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Second effort to overturn Arkansas LEARNS Act rejected by attorney general

Attorney General candidate  Tim Griffin, seen here outside the Arkansas State Capitol on April 17, 2015, has a strong lead in the race according to a new Talk Business & Politics-Hendrix College poll.
Michael Hibblen
Attorney General Tim Griffin is seen in a file photo outside the Arkansas State Capitol on April 17, 2015.

A second effort to place a citizen’s referendum on the ballot to repeal the LEARNS Act, Gov. Sarah Sanders’ signature education bill, has been rejected by Arkansas Attorney General Tim Griffin. The Attorney General is charged with approving ballot titles for proposed referenda.

Citizens for Public Education and Students, or CAPES, was rejected in its first attempt to qualify its referendum in late April.

Griffin outlined several reasons for the latest rejection, although he declared a portion of it “legally sufficient.” In a letter to CAPES executive director Steve Grappe, Griffin said:

“Under the foregoing rules, your proposed popular name is legally sufficient as submitted. But your proposed ballot title is insufficient and must be redesigned. As explained in more detail below, the current version of the ballot title (1) fails to adequately summarize the LEARNS Act; (2) fails to make all the changes noted in my response to your first submission; and (3) is printed in a font that is so small, most people would be unable to read it,” Griffin said.

The LEARNS Act, among many other provisions, creates “education freedom accounts” giving families access to about $7,000 for non-public school options that otherwise would have gone to the public schools where their children would have attended. It also increases the minimum teacher salary from $36,000 to $50,000 and provides every teacher a $2,000 raise.

CAPES is attempting to use a constitutional lever that allows citizen initiatives to challenge enacted laws to be submitted to voters. The window for qualifying is narrow.

CAPES has 90 days from when the Legislature adjourned sine die on May 1 to gain approval and to collect the 54,244 signatures required by the Constitution. That’s 6% of the total votes cast in the last governor’s election. But it needs the AG’s approval of its petition to begin the signature collection process.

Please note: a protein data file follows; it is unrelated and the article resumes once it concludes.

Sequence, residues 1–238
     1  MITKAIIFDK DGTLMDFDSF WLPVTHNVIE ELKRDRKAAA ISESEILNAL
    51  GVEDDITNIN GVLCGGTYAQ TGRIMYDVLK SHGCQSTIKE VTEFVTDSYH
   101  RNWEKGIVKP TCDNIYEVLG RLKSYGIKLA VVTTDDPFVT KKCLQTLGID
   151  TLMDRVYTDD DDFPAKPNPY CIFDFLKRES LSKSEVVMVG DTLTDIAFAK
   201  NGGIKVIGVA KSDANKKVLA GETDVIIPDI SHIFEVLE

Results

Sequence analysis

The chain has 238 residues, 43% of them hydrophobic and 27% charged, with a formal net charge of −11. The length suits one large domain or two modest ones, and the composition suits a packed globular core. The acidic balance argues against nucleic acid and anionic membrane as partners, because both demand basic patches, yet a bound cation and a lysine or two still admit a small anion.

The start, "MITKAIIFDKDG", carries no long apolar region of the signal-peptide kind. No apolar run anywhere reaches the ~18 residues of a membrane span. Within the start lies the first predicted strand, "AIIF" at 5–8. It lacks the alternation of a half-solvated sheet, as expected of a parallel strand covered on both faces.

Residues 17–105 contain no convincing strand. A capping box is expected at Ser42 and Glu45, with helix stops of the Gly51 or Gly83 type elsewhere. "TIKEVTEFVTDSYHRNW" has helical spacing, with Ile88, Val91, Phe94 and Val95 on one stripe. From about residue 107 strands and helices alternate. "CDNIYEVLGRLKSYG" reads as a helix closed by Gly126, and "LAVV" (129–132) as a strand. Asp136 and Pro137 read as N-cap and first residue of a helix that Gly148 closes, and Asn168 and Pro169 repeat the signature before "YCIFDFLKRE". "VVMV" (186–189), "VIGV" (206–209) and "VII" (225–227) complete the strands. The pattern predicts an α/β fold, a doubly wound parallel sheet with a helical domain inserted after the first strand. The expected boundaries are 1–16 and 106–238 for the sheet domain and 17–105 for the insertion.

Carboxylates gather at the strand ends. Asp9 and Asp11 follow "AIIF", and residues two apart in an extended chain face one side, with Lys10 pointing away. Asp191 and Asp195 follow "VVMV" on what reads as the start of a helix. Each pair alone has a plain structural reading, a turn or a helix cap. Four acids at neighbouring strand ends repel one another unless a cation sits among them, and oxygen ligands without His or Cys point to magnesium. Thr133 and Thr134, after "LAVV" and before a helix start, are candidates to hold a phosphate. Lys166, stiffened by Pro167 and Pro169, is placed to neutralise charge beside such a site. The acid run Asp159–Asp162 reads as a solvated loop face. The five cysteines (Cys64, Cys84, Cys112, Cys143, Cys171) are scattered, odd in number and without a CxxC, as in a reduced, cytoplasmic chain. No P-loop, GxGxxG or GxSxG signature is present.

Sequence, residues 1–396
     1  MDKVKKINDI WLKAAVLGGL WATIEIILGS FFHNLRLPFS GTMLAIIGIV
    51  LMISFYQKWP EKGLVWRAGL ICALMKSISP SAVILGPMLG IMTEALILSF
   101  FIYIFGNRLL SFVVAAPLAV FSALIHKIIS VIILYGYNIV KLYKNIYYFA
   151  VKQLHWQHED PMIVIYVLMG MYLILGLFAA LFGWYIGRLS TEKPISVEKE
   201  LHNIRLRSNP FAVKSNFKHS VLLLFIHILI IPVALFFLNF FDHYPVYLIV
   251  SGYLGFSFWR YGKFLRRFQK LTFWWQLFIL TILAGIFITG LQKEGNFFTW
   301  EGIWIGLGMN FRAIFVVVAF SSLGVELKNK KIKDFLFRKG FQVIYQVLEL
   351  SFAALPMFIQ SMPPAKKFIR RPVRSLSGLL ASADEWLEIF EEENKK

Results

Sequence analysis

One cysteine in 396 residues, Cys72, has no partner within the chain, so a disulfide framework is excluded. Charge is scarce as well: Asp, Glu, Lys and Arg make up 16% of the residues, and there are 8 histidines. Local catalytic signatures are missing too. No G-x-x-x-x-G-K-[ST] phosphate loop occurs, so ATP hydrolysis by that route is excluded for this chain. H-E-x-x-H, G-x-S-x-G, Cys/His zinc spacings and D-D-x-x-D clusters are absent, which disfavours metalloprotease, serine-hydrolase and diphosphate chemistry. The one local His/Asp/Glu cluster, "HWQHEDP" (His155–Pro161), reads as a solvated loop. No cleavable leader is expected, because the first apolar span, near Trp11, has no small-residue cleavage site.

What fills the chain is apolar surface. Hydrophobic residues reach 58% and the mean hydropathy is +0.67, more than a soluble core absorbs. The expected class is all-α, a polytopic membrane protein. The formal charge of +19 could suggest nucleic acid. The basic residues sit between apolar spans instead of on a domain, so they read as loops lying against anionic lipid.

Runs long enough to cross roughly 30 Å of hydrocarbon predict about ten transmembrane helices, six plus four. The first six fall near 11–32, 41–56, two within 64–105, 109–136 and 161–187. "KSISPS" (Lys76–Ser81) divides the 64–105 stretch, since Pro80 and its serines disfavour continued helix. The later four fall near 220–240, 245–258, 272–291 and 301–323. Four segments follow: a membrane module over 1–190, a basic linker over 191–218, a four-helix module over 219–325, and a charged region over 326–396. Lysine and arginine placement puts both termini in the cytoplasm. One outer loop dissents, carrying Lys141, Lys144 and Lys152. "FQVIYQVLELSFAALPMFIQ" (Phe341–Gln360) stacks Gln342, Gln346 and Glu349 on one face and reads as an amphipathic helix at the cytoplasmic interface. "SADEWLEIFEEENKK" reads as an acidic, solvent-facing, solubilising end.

Griffin cited a number of problems with the latest CAPES filing.

“In my prior opinion rejecting your first draft, I noted that your ‘ballot title contains no summary of several provisions’ and provided four such examples. Your second draft attempts to address each of those four examples. But as I noted in my prior opinion, those examples were ‘meant to be illustrative not exhaustive.’ And since this second version of your ballot title does not even attempt to summarize numerous other provisions in the act, the ballot title is insufficient,” Griffin said.

“In my prior opinion rejecting your first draft, I noted that most of your proposed ballot title’s summaries were insufficient because the proposed summaries were ‘more like descriptive labels for some of the act’s component parts.’ I provided one example of such a problem. The second version of your ballot title fails to address this problem,” he added.

Another fault Griffin singled out was the proposed ballot title, although he agreed the popular name was adequate. The Attorney General can modify a proposed ballot title, but he is not required to do so. Griffin declined on this referendum.

“It is the sponsor’s duty to at least try to provide a complete summary of the act to be referred. As noted above in section three on the rules governing ballot titles, sponsors must balance brevity with completeness. At this point, you are erring far too much toward brevity,” Griffin said.

His final critique for rejection involved the font size of the referendum submitted. Griffin said it would be too hard for citizens to read and he hypothesized that a court might reject the submission on this issue alone.

“There is no point in carefully summarizing the LEARNS Act if citizens cannot read the summary. Your popular name is in 8-point font, and your ballot title is in 6-point font. It is unclear why you have adopted these constraints. In my opinion, a court would most likely declare that a multipage ballot title in 6-point font is legally insufficient for that reason alone because, regardless of the summary’s content, most people asked to sign the petition or to vote on the matter would be unable to read it,” he said.

CAPES is a party to a lawsuit that was filed earlier this week that seeks to repeal the emergency clause attached to the LEARNS Act. Attorney Ali Noland, on behalf of parents from the Marvell-Elaine School District and CAPES, filed the suit and is seeking a preliminary injunction or temporary restraining order to delay its enactment. Noland will be a guest on this week’s Capitol View TV program.

The lawsuit alleges the Arkansas General Assembly did not follow the state constitution in voting separately for an emergency clause that allowed the LEARNS Act to go into law upon the governor’s signature. The filing, which was made in Pulaski County circuit court, also questions if an emergency clause is even necessary for the measure. It further contends that money spent on state board actions would be an illegal exaction due to the law not being properly in effect, which could lead to additional litigation.

Roby Brock is the Editor-in-Chief and Host of Talk Business & Politics.